FBI Warns Farmers to Beware Ransomware Cyberattacks
WASHINGTON — The FBI issued a warning this week to farm cooperatives that ransomware attackers are increasingly trying to disrupt their operations during the planting and harvest seasons.
The FBI announcement was one of several warnings about cyberattacks that are becoming more shrill as Russia continues its invasion of Ukraine.
Another warning came from the Five Eyes nations, which released a joint cybersecurity advisory this week that says Russian state-sponsored cybercriminal groups that sympathize with them are likely to target critical infrastructure.
Five Eyes refers to an intelligence alliance between the United States, United Kingdom, Australia, Canada and New Zealand.
“Some groups have also threatened to conduct cyber operations against countries and organizations providing materiel support to Ukraine,” the advisory says.
Recent ransomware attacks against the United States have hit 14 of 16 critical infrastructure sectors, the FBI and affiliated agencies reported. They included food and agriculture, the defense industry, government facilities, emergency services and information technology.
Ransomware refers to a kind of computer malware in which the cyberattackers threaten to publish the victims’ personal data or block access to their own files unless they pay a ransom. More advanced ransomware threatens to destroy the victims’ files.
“Russia’s invasion of Ukraine could expose organizations both within and beyond the region to increased malicious cyber activity,” the Five Eyes advisory said. “This activity may occur as a response to the unprecedented economic costs imposed on Russia as well as materiel support provided by the United States and U.S. allies and partners.”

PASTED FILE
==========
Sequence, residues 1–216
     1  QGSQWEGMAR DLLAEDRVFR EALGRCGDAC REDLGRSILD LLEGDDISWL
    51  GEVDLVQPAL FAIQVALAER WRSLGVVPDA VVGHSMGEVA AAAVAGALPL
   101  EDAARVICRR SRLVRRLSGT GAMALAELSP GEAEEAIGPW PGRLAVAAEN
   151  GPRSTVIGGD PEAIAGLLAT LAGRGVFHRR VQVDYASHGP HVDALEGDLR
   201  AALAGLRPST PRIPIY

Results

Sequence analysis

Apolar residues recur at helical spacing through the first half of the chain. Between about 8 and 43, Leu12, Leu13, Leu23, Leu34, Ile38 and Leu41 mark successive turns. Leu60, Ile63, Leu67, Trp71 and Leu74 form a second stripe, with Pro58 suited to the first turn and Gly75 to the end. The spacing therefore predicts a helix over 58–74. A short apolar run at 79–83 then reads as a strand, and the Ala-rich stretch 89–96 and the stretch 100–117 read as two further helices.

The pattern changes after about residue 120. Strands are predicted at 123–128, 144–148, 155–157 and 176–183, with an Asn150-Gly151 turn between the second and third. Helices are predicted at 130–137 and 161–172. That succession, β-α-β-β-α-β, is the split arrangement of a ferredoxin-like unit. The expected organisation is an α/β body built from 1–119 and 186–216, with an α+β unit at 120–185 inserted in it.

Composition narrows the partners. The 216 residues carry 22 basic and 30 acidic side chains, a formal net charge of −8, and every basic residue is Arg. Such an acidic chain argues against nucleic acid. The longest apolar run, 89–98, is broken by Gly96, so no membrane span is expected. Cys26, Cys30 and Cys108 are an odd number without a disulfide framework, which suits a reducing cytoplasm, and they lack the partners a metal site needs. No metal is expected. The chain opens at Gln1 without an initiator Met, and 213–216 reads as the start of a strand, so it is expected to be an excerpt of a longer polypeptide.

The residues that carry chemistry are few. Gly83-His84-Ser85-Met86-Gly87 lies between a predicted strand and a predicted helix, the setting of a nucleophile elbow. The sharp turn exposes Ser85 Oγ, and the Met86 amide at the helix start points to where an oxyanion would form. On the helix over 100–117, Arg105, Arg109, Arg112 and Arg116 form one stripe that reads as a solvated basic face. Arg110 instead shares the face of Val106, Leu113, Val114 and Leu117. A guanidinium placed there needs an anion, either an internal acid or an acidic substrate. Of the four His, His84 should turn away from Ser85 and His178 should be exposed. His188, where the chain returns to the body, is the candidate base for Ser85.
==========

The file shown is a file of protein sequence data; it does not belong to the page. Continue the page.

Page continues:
For the agricultural industry, the timing and critical nature of planting and harvesting means farmers often have no better option than to pay the ransom to avoid losing their crops. The attacks normally are aimed at the computerized supply lines for seeds and fertilizer.
“The FBI noted ransomware attacks during these seasons against six grain cooperatives during the fall 2021 harvest and two attacks in early 2022,” the notice says.
The agency said the attacks were “disrupting operations, causing financial loss and negatively impacting the food supply chain.”
The FBI warning coincides with the April planting season in the United States. This month, many farmers plant corn, tomatoes, broccoli and other vegetables.
In the previous attacks, some victims were forced to temporarily halt production, according to the FBI. The notice does not say whether they paid a ransom.
Last month, cybercriminals launched an attack against a multi-state grain company that interfered with its grain processing, the FBI reported. It did not name the company.
The agency recommended that agricultural organizations take preventive steps, such as backing up files, using multi-factor authentication and installing software security updates.
It warned that the cyberattacks were unlikely to stop.
Nozomi Networks, a cybersecurity firm based in San Francisco, California, that helps customers protect critical infrastructure, said in a February release, “More than 651 vulnerabilities were reported from July through December — a 21% increase over the previous six months. Supply chain vulnerabilities continue to offer the greatest opportunity to quickly spread damage across a wide range of products, service providers or end users.”
Tom can be reached at [email protected]